Austrian companies claiming state aid to cover energy costs will have to avoid certain wasteful activities like keeping shop lights on past 10 p.m., using patio heaters or letting ski lifts heat passengers' backsides, the government said on Wednesday.
The coalition government of conservatives and Greens outlined the new aid package on Wednesday, for which 1.3 billion euros ($1.2 billion) have been earmarked to cover up to 30% of fuel, gas or power costs, back-dated from Feb. 1 of this year until Sept. 30.
There are various categories of eligible companies and aid levels. Firms in certain energy-intensive sectors including steelmaking can receive up to 50 million euros.
That help comes with conditions, however, including committing to take certain energy-saving measures by March 31 of next year such as not keeping lights on inside or outside shops between closing time, or 10 p.m., and 6 a.m.. Hardly any shops in the country are open past 10 p.m..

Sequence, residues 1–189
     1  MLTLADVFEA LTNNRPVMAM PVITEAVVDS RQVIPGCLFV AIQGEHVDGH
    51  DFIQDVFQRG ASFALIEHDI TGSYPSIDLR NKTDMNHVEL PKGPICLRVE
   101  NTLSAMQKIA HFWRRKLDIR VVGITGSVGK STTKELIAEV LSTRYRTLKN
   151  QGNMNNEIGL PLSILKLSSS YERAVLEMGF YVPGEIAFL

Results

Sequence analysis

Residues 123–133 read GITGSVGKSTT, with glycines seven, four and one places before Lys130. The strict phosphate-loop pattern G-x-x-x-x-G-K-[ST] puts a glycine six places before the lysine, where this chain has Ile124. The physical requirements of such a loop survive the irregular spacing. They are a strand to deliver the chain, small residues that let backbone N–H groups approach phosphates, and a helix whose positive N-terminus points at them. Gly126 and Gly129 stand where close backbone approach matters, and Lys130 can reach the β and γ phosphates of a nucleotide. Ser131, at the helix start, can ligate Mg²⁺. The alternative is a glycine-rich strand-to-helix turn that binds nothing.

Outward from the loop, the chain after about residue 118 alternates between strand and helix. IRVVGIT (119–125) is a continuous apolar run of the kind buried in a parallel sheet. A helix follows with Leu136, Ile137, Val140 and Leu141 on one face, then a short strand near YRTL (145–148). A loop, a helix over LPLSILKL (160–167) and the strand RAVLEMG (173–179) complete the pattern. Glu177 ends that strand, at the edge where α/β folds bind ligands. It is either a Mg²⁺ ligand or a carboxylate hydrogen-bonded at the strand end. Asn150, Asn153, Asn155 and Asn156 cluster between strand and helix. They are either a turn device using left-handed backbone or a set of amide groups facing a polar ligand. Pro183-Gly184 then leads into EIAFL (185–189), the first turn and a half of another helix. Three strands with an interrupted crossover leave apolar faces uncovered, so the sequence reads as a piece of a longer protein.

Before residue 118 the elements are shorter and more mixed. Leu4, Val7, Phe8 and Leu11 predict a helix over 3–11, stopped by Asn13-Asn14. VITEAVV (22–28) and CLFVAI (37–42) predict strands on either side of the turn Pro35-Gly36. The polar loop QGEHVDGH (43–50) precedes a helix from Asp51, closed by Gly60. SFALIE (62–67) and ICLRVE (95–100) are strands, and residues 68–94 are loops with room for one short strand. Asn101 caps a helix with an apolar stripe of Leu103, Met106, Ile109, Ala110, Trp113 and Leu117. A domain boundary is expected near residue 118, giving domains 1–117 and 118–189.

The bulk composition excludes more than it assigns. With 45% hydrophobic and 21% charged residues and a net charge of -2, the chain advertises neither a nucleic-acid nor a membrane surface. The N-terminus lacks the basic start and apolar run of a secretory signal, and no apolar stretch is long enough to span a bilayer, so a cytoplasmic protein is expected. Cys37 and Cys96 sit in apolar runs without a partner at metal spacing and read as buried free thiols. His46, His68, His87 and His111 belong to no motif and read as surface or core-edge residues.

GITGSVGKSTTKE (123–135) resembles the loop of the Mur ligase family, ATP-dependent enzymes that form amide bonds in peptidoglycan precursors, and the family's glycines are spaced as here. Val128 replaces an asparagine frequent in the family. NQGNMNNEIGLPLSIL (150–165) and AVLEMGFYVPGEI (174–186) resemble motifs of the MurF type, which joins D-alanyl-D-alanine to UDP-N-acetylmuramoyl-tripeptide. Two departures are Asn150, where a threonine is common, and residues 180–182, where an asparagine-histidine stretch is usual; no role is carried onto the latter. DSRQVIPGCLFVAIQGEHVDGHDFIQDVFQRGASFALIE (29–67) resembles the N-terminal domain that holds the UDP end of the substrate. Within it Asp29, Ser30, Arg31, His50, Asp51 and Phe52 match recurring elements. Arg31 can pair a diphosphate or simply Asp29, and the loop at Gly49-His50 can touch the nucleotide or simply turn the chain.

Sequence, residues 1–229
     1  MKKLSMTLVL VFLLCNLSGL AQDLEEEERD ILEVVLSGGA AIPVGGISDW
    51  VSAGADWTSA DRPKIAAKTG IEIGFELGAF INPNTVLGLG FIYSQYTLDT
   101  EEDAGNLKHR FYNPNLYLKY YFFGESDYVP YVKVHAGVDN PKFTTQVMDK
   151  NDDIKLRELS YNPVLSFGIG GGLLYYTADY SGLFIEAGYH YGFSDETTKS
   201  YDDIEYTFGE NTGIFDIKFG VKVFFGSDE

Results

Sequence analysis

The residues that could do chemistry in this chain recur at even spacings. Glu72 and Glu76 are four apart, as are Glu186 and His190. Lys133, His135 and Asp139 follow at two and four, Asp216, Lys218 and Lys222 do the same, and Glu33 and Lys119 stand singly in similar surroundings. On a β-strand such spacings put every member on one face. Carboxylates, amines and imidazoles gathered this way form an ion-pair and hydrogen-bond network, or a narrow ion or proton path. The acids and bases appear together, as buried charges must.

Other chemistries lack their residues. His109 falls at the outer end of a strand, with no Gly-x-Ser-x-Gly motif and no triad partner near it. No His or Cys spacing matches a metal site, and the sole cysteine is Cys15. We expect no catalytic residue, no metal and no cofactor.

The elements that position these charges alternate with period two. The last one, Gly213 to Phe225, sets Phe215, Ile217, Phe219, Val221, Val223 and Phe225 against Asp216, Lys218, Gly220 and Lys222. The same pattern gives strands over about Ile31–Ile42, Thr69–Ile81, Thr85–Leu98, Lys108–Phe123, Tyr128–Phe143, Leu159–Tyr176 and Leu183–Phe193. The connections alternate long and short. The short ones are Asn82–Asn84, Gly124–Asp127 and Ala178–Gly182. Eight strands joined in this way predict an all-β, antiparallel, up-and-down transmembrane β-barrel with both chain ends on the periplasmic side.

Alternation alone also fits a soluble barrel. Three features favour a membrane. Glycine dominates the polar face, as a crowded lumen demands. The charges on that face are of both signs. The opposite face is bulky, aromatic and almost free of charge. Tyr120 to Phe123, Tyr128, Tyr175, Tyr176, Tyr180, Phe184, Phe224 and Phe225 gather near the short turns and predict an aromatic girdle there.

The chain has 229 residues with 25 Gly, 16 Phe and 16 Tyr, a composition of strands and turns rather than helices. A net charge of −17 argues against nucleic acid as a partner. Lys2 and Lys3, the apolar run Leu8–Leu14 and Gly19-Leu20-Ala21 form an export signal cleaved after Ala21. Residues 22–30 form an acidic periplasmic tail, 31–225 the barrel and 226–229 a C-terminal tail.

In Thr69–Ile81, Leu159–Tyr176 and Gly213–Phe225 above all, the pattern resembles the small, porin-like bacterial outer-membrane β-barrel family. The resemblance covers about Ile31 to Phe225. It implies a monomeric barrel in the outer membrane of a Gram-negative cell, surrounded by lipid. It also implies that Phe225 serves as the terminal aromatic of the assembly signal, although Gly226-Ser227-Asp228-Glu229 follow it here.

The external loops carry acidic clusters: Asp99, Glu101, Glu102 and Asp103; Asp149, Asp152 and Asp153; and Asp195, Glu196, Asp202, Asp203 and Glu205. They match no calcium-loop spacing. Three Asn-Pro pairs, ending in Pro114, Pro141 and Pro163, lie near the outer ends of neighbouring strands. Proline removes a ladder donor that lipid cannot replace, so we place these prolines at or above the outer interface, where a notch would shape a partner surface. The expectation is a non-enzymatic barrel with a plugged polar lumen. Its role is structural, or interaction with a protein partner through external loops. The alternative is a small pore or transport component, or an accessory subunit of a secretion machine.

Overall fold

While cafes and restaurants have only recently been given sweeping permission to keep terraces open all year round because of the COVID-19 pandemic, those claiming aid will not be able to use outdoor space heaters known in Austria as "heating mushrooms" that are popular in winter, the government said.
And in a blow to fair-weather sportspeople in a country that is a hotspot of winter tourism, chair lifts with heated padding will no longer be able to warm skiers' undercarriage, it added.
"Very many companies have already announced themselves that they will do exactly that - they will take energy saving into account this winter," the minister for energy and the environment, Leonore Gewessler, told a news conference, adding there would be spot checks to ensure compliance.
($1 = 1.0466 euros) (Reporting by Francois Murphy Editing by Mark Potter)